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Replace pension ‘triple-lock’ with ‘triple-guarantee’, NHS chief says

The existing “triple-lock” pension policy should be replaced with a “triple-guarantee” to ensure income, housing and care for an ageing population, the chief executive of NHS England said yesterday.

In an appearance before the House of Lords NHS Sustainability Committee yesterday, Simon Stevens argued there was a need to “think more broadly” about how to fund care for older people.

In the latest Autumn Statement, chancellor Philip Hammond said the government would review the pensions “triple-lock”, which currently guarantees that state pensions will rise each year by price inflation, average earnings growth or 2.5%, whichever is highest, after 2020.

In the inquiry, Stevens said “a new way of thinking” about the triple-lock would be a triple-guarantee around income, housing and care. But he denied that he was arguing older people should pay for more of their care directly, leading to less money going to councils.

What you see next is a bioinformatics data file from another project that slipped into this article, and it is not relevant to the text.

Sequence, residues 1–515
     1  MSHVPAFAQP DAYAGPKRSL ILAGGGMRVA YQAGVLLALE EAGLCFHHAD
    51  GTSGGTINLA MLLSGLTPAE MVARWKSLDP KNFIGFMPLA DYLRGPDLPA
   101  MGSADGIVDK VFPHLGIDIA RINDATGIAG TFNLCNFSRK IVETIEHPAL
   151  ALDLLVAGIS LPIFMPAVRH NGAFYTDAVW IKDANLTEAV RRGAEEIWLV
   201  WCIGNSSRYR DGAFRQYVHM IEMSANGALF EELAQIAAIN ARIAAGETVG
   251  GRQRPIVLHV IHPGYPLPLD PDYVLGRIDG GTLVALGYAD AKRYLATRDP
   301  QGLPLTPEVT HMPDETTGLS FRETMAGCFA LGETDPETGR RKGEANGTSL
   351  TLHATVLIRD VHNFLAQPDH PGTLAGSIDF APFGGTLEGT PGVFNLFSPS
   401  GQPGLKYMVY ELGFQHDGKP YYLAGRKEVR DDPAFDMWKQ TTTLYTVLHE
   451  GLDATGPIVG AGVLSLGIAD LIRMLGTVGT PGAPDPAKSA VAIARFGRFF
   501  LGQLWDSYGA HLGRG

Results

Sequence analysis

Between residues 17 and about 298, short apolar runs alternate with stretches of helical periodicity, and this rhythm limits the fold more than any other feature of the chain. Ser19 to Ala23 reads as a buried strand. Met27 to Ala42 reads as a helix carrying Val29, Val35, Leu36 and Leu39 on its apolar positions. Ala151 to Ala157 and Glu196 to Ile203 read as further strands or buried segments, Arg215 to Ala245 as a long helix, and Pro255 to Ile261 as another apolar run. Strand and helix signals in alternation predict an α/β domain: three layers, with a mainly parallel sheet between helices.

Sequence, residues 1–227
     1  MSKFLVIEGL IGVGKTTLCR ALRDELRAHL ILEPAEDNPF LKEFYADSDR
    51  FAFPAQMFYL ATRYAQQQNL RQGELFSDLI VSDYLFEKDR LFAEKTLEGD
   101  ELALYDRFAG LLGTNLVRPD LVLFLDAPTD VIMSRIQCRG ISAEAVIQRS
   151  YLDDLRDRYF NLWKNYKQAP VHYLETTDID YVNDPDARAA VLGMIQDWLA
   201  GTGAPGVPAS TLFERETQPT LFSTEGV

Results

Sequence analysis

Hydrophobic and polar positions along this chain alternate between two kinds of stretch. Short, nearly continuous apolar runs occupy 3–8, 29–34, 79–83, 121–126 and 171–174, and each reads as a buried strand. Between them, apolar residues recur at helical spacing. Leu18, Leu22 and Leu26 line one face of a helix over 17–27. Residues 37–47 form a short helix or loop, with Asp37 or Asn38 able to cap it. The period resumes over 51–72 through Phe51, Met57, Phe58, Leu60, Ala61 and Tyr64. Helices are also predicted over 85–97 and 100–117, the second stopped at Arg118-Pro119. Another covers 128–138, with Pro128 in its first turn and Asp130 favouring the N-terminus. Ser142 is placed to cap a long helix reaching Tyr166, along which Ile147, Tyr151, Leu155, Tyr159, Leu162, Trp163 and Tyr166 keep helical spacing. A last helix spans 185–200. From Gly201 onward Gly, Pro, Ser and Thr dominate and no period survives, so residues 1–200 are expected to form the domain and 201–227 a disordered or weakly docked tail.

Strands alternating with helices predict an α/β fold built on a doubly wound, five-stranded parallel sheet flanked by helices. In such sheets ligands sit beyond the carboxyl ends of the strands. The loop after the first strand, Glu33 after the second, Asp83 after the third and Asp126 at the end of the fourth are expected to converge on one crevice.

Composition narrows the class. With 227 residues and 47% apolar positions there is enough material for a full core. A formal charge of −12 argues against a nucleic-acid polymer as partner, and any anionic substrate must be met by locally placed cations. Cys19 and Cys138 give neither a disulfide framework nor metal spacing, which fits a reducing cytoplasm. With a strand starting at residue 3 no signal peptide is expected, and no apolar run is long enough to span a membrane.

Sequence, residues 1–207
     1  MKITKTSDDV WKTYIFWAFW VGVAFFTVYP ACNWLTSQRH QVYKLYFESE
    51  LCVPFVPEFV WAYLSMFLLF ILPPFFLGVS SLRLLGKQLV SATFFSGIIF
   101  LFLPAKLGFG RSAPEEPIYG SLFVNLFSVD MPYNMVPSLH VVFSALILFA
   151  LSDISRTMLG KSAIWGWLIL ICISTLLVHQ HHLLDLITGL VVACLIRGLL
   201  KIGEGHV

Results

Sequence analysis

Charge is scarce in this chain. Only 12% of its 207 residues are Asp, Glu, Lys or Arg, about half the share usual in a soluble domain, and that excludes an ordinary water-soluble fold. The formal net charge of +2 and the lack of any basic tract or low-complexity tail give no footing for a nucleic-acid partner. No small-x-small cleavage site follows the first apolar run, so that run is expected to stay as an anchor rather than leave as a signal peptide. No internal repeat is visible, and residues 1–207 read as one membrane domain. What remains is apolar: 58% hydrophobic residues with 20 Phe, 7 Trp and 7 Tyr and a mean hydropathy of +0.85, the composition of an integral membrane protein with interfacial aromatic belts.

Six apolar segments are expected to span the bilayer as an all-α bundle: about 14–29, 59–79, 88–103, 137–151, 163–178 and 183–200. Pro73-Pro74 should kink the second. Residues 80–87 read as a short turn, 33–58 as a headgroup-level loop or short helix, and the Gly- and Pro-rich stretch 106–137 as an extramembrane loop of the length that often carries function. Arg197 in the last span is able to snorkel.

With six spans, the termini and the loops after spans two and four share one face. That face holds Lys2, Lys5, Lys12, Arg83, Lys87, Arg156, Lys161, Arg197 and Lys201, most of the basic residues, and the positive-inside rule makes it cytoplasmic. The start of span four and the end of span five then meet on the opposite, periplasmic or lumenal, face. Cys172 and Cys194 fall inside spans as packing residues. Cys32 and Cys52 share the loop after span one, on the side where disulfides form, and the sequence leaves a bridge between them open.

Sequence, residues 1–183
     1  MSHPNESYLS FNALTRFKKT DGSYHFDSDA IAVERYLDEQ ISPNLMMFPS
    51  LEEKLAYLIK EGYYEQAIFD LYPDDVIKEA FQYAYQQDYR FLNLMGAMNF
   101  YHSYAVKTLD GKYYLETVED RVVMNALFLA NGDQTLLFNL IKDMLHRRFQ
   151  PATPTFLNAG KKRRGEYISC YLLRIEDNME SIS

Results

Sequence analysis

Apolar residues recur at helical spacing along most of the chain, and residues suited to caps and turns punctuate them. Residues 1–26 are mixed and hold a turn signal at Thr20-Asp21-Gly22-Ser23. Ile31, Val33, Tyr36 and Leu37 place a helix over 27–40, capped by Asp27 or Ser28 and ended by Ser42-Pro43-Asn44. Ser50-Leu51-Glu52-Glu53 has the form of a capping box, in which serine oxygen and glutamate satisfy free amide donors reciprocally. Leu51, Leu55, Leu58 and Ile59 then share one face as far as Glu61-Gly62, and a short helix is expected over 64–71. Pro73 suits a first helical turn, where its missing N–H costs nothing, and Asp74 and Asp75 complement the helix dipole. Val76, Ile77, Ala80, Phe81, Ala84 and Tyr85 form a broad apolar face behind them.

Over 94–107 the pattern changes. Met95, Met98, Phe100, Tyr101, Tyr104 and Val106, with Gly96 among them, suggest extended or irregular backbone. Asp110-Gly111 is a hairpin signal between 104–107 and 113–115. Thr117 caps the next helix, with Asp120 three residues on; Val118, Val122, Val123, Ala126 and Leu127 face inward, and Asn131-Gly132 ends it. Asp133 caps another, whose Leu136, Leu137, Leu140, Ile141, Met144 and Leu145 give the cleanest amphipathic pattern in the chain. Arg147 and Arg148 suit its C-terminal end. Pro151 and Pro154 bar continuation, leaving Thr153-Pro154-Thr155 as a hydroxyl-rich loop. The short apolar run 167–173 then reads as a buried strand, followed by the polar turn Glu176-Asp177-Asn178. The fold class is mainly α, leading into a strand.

“I’m simply saying I don’t think you can, over the medium term, answer the social financing question separate from the pensions question, separate from the benefits question, separate from the equity release from housing, given intergenerational fairness issues and the fungibility of funding streams between different elements of the public purse,” Stevens added.

He also renewed calls for social care to be “at the front of the queue” for any additional health funding, because of the effects of deteriorating services on both users and hospitals, which have to cope with more patients as a consequence.

Stevens supported integrated health and social care, but claimed that “the simple act of pooling budgets” was not enough to ensure either was properly funded.

“I think I said on my first day in the job about three years ago that simply putting together two leaky buckets does not produce a watertight solution,” he stressed.

The government is understood to be considering a rise in the council tax precept to fund adult social care after the sector received no additional funding in the Autumn Statement – despite warnings that the sector is increasingly unsustainable.

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